Can you stand one more poor me post? Yesterday was a tough one. I brought my girl home. I'm sad to say I've got quite a collection of these little boxes in my closet now.
The cremation service our vet uses had a surprise for me. They had collected some of her feathers and put them in a tear drop ornament. Needless to say, it was an all day cry fest.
After her last CT scan, the one that showed she was terminal, I started collecting her shed feathers. I was sad that she never lost a big red tail feather. They were so pretty.
Rosie was banded but I could never get her to sit still long enough to read the fine print. The readout that came with her ashes told me she was born on December 7, 1989. She had just turned 29. When I first got her at just a few weeks old she lived in an aquarium. I had to hand feed her around the clock when she was a baby. I wrapped her aquarium in Christmas paper to sneak her into the hotel we were staying at with my parents in Ocean City that Christmas.
Removing her giant cage, her play stand and all her toys has been hard. I kept this one. It was her favorite as you can see. Birds love to chew things up. My sitting down to knit or spin at night was her signal to start beating it up to compete for attention with whatever I was watching on TV. During the day her favorite thing to do was eat her way out of paper bags. Our grocery store would give me a handful for her every week for her to play with. It was hard to tell them she was gone.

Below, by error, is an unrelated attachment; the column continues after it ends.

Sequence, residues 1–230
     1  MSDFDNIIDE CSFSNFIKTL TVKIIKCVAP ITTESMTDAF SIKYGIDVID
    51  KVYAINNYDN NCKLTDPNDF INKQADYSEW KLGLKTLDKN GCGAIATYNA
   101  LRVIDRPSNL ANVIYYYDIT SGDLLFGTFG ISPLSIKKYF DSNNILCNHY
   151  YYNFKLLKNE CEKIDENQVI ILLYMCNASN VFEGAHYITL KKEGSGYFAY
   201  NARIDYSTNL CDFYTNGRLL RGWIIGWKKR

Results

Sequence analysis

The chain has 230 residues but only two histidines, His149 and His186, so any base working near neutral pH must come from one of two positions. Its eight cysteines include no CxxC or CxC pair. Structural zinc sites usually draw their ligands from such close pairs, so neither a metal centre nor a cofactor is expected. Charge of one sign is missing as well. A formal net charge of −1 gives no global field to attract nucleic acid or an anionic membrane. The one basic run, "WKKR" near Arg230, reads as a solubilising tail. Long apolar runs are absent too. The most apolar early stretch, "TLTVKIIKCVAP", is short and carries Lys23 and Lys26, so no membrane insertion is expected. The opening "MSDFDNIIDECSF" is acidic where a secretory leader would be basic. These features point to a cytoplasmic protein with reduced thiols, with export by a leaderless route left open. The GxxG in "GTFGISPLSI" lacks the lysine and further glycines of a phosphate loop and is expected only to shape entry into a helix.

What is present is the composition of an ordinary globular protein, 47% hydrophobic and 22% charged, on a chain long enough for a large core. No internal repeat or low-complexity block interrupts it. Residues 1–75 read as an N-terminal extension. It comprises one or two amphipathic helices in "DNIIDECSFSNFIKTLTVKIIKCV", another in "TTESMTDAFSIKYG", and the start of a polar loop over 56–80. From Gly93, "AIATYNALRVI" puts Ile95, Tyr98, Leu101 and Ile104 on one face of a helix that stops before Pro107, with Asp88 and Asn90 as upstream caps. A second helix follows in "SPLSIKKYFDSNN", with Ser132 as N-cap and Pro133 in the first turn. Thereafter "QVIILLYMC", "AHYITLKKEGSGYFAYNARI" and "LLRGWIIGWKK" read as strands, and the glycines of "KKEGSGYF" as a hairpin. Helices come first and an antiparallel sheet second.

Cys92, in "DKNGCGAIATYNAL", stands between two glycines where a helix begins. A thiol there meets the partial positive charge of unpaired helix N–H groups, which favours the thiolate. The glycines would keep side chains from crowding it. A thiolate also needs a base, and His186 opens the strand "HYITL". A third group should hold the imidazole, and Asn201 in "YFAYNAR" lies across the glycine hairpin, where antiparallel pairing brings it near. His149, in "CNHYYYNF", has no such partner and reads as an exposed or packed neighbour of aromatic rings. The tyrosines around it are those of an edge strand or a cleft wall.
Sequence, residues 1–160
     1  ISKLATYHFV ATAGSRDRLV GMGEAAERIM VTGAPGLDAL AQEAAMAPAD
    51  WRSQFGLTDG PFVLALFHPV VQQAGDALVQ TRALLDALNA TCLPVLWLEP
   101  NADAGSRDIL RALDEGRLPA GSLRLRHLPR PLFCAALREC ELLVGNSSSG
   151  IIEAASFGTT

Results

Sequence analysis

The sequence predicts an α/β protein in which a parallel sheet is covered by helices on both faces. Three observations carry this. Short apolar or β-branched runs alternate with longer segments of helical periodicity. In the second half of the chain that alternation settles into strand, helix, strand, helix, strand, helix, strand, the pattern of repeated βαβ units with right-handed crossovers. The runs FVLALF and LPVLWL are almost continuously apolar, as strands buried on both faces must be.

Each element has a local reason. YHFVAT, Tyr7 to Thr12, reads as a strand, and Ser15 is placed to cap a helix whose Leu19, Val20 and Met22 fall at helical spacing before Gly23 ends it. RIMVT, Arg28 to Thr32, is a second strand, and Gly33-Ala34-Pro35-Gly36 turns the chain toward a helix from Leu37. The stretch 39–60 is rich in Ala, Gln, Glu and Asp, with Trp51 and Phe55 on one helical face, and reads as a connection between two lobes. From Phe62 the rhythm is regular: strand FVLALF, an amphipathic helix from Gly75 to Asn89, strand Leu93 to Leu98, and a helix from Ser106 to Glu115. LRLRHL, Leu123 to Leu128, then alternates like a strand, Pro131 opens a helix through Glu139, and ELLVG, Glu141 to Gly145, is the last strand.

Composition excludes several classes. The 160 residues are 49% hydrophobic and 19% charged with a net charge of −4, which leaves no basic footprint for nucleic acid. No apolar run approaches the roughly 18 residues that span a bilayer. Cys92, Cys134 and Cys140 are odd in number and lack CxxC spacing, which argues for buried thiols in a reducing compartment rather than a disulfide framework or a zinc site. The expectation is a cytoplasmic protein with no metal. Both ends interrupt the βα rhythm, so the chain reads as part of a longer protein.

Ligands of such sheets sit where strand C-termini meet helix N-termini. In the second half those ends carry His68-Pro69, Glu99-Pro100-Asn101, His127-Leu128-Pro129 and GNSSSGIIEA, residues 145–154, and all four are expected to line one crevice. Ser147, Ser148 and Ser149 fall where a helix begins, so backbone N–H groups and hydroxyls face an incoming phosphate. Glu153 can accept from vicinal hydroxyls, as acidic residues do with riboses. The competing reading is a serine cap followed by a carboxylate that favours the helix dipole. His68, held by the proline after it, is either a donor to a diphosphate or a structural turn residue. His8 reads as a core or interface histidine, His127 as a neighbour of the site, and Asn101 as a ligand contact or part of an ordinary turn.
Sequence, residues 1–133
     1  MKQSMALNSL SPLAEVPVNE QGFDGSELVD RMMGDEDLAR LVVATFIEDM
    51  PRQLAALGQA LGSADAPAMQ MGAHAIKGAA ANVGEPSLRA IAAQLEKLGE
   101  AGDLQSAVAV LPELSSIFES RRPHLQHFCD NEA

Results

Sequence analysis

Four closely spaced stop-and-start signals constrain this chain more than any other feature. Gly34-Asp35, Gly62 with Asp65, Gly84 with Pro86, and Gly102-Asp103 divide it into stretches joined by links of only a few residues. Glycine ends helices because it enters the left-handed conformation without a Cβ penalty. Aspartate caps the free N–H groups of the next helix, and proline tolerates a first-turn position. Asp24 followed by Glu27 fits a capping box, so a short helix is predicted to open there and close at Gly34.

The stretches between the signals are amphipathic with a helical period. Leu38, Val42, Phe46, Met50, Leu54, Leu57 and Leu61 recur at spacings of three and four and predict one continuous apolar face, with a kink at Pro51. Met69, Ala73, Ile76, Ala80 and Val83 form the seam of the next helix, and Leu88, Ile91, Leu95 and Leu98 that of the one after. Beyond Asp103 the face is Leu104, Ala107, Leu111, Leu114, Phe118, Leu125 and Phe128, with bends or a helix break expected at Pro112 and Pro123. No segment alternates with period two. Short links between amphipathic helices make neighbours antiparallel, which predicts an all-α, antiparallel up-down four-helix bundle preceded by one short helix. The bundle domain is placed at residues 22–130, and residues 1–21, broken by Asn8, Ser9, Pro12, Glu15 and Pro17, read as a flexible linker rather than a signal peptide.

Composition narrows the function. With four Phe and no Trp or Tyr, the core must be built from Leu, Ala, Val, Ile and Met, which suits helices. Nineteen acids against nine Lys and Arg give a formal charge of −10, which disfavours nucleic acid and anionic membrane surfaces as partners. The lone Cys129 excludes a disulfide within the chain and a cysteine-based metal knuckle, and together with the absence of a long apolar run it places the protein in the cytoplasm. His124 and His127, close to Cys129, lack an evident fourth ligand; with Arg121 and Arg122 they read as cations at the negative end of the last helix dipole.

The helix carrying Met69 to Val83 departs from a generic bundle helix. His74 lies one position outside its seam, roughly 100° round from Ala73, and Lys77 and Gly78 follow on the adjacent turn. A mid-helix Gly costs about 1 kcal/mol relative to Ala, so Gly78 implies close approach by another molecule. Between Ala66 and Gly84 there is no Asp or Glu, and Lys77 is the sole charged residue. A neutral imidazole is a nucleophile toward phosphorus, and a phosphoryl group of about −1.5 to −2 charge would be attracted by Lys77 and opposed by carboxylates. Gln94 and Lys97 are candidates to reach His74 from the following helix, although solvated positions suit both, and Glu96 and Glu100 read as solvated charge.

I can't begin to tell you how much she was a part of everything I did. Those of you who have only known furbabies have no idea how amazing feather babies can be. She lorded over the house and the other critters from the top of her giant cage which she was rarely in. We chatted away all day. She had to see whatever I was doing especially if it involved food. Broccoli and cheese were her two favorite things in the world next to noodles. She never met a noodle she didn't love. Just like me.
In March, after all the Daddio and Dear Doggie mourning was over, I noticed she was quieter than usual. She had stopped talking in her pitch perfect voice. At first the vet wasn't worried but then she started losing weight. All the routine tests for bird illnesses came back normal so she sent us to a specialist in Virginia that did scans. They showed she had a large inoperable tumor between her heart and lungs and evidence that the cancer was spreading into her lungs and bones. They sent me home with a box of medications that I received monthly to keep her comfortable until nature took its course. I moved her into my bedroom to keep her safe and warm during those last fragile months. I hadn't been out of arm's reach of her in ages. It now feels so weird to have the whole house to live in again.
This little poem was in the corner of her cremation certificate.
She's now tucked safely away with Mom and Dad and our three dear departed doggies.